The outlook for women with breast cancer is improving constantly. Due to increased awareness, opportunities for early detection, and treatment advances, survival rates continue to climb. While around 200,000 women in the U.S. are diagnosed each year with breast cancer, the prognosis has never been better.
Symptoms of Breast Cancer
Breast cancer may or may not cause symptoms. Some women may discover the problem themselves, while others may have the abnormality first detected on a screening exam. Breast pain is not a common symptom of breast cancer. Some of the possible signs and symptoms include:
Non-painful lumps or massesK/li>
Lumps or swelling under the armsK/li>
Nipple skin changes or dischargeK/li>
Changes in the feel, size, or shape of the breast tissue
Inflammatory Breast Cancer
Inflammatory breast cancer is a rare type of cancer that often does not cause a breast lump or mass. As seen in this photo, it often causes thickening and pitting of the skin, like an orange peel. There may also be a skin rash or reddening of the skin. Inflammatory cancer of the breast typically has a fast growth rate.
Importance of Mammograms
Early detection of breast cancer is important for the best outcome. Mammograms are X-rays of the breast that can detect tumors at a very early stage, before they would be felt or noticed otherwise. The American Cancer Society recommends that women at average risk have a mammogram every year starting at age 40. The U.S. Preventive Services Task Force recommends that women from 50 to 74 years of age have a screening mammogram every 2 years. It also suggests that women under age 50 consult with their doctor to determine the best screening schedule for their individual situation.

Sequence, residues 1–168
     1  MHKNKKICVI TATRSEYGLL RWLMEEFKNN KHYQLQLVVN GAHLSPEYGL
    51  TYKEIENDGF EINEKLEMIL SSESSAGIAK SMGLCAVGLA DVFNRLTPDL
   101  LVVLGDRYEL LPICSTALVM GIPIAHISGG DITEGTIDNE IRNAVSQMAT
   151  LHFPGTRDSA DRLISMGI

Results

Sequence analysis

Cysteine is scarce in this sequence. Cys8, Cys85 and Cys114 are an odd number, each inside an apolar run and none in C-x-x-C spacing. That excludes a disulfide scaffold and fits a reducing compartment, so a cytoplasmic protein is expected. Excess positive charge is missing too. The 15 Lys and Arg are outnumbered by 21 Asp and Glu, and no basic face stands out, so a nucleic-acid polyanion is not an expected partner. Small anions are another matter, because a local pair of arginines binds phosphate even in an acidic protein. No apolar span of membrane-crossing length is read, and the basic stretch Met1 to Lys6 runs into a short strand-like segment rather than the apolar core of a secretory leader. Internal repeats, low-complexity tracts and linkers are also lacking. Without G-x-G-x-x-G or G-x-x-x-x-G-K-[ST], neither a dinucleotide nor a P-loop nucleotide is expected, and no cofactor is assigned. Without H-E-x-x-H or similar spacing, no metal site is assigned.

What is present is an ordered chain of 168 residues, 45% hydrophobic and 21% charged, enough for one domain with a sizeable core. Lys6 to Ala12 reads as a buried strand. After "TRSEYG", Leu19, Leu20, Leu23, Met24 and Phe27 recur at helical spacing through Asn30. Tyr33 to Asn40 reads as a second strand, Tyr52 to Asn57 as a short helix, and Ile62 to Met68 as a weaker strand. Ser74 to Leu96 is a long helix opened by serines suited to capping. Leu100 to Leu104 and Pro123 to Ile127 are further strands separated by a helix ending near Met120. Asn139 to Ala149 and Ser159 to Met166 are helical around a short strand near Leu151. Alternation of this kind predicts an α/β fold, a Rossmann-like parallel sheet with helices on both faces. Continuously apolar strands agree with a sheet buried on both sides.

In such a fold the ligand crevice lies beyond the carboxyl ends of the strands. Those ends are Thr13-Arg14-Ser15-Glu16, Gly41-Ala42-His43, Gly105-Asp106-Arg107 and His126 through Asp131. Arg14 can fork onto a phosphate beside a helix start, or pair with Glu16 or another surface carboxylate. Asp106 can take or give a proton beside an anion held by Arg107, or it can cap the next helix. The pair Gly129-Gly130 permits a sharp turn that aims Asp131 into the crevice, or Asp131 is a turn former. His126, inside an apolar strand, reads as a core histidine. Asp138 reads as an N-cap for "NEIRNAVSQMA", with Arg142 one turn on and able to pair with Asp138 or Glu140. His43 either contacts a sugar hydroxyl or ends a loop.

Breast MRI and Ultrasound
Sometimes a breast ultrasound is ordered in addition to a mammogram. An ultrasound can demonstrate fluid-filled cysts that are not cancerous. Ultrasounds may also be recommended for routine screening tests in some women at a higher risk of developing breast cancer.
Many women grew up learning that they should perform routine breast self-exams. Recently, studies have shown that these exams are not as important as once believed in the early detection of cancer. Experts recommend that women be aware of their breasts and notice any changes, rather than performing checks on a regular schedule. Women who choose to do self-exams should be sure to discuss the technique with their doctor.
Finding a Lump
Remember that the majority (about 80%) of breast lumps are not due to cancer. Cysts, benign tumors, or changes in consistency due to the menstrual cycle can all cause benign breast lumps. Still, it's important to let your doctor know about any lumps or changes in your breast that you find. Early detection of breast cancer is associated with high cure rates.
Breast Cancer Biopsy
A biopsy is the most certain way to determine whether a breast lump is cancerous. Biopsies may be taken through a needle or through a minor surgical procedure. The results can also determine the type of breast cancer that is present in many cases (there are several different types of breast cancer). Treatments are tailored to the specific type of breast cancer that is present.
Hormone-Sensitive Breast Cancer
For example, a biopsy can tell whether the breast cancer has receptors for estrogen (ER-positive) and//or progesterone (PR-positive). This means the tumors grow in response to these hormones. About two-thirds of breast cancers are hormone receptor-positive. Medications can be given that act to help prevent growth of the tumor from stimulation by these hormones. The image shows a molecular model of the estrogen receptor.